SFPD lab technician accused of taking cocaine evidence

March 9, 2010 12:00:00 AM PST
A breach of trust occurred within the San Francisco Police Department that is putting past and pending cases in jeopardy. A long-time employee is now accused of using the cocaine she was supposed to be watching over as evidence.

San Francisco Police Chief George Gascon said his department went public on this issue on Tuesday night as a matter of integrity, but this is a damaging case. Already, the department has shut down all drug testing in its crime lab, some past convictions may not stand up, and future cases may be in jeopardy.

"We do not know the scope of the problems, dealing with this employee, but we'll get to it," said Gascon.

Gascon described an investigation that will cost his department's crime lab time, money, credibility and possibly, some convictions.

"We are very certain that this is all localized to a single individual. At this point, we have absolutely no evidence for believing that it involved anybody else," said Gascon.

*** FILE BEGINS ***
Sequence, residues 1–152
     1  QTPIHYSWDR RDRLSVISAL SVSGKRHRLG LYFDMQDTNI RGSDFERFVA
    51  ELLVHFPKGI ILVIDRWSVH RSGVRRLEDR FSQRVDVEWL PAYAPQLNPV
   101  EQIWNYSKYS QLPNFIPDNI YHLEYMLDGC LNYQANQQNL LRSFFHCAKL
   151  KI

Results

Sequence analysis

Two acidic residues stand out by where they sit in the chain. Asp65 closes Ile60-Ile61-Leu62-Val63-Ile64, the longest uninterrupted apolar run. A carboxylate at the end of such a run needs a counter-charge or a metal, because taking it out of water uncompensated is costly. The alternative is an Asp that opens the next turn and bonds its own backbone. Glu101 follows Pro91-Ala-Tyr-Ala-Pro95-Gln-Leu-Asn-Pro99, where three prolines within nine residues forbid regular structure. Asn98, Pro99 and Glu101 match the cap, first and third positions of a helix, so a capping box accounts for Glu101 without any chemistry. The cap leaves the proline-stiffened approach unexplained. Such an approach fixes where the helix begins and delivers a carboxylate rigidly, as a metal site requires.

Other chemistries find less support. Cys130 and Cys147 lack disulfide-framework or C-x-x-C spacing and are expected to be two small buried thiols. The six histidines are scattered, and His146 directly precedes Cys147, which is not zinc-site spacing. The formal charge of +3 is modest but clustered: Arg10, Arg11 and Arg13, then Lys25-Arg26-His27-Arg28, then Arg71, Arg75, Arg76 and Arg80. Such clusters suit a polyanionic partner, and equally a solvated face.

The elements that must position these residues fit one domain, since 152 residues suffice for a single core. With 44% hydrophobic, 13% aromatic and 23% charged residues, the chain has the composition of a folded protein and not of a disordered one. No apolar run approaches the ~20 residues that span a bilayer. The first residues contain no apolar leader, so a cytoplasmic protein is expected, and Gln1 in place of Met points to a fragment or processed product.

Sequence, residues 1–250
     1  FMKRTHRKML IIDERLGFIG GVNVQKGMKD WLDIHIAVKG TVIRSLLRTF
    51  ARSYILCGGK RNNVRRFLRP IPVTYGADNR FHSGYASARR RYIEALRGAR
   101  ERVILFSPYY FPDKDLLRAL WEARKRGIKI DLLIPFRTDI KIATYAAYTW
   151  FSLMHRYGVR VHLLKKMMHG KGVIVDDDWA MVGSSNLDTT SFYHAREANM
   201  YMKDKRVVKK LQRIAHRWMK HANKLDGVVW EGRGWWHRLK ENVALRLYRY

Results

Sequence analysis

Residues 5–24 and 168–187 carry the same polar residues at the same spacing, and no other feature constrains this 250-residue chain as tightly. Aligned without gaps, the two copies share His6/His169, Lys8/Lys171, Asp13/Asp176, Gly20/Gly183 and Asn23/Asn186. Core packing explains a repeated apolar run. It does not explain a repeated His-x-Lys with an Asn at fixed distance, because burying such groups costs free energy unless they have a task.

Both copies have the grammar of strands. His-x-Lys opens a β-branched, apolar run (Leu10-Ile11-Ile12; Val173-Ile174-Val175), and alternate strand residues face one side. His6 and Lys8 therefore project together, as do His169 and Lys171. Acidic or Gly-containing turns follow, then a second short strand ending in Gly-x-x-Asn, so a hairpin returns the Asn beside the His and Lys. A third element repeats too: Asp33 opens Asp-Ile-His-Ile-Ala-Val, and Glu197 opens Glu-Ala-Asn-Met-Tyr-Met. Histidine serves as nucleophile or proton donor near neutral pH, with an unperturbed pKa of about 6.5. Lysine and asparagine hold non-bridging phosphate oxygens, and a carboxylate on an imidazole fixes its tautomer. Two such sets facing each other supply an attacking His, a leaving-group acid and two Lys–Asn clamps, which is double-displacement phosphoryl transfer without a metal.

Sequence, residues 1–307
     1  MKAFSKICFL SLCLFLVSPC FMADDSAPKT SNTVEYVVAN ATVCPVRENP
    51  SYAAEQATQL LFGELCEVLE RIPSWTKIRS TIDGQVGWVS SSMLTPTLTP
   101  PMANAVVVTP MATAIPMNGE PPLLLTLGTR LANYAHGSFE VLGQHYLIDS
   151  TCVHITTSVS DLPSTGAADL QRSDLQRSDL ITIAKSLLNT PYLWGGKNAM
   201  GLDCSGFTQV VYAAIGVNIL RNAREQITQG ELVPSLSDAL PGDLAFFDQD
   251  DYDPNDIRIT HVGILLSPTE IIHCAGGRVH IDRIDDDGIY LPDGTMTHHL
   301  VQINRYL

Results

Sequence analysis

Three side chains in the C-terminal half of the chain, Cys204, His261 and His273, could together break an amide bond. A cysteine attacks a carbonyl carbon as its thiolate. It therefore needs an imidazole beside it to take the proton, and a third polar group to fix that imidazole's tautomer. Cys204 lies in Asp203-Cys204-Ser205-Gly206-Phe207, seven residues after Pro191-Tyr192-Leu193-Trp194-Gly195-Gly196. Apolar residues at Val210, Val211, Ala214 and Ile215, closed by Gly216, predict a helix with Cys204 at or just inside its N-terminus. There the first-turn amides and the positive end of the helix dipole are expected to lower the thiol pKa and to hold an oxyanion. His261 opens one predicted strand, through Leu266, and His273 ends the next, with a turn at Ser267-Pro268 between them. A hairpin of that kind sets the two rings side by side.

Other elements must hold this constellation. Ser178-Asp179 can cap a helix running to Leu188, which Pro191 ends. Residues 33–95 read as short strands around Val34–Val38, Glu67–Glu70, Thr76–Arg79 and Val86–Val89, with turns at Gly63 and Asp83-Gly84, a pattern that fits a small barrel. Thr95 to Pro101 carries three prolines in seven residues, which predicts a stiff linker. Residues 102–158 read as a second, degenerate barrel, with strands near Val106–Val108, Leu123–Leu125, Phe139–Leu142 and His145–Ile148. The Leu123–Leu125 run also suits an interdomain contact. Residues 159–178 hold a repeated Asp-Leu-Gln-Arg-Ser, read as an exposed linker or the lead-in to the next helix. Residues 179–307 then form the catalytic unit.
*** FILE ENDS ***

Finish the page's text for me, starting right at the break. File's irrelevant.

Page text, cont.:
That one person is Deborah Madden, a civilian employee who spent 27 years with the department before retiring March 1, 2010.

She was working in the crime lab when ABC7 took pictures of her and the lab in 1994.

Last December, investigators noted small amounts of cocaine missing from evidence.

They suspect Madden of stealing the drug for her personal use, beginning last fall, but have yet to arrest her on those charges.

"One of her supervisors noticed in late December that some of the packaging and some of the material appeared to be tampered with," said Gascon.

"In any drug trial, the chemist who tests the drugs is a witness and is an essential witness. And the fact that all these improprieties have taken place, if true, goes to the credibility of that witness and goes to the prosecutability of every case that he or she is involved in," said ABC7 legal analyst Dean Johnson.

If Madden did testify in such cases, she could also face charges of perjury. Police and the district attorney would not estimate how many cases they might have to question or re-rest, but potentially, it is a high number. The crime lab looks at as many as 50 narcotics cases every day.

"As necessary, we will retest the narcotics that are currently involved as evidence in cases that are pending, and re-file those cases if necessary," said San Francisco District Attorney Kamala Harris.

Madden declined to be interviewed when ABC7 called her Tuesday night. San Francisco police say she had been on a leave of absence since December, due to health issues.

On March 3, the San Mateo County Sheriff arrested her on an unrelated gun charge. They had searched her home last month. Along with the gun, they also found a small amount of cocaine.


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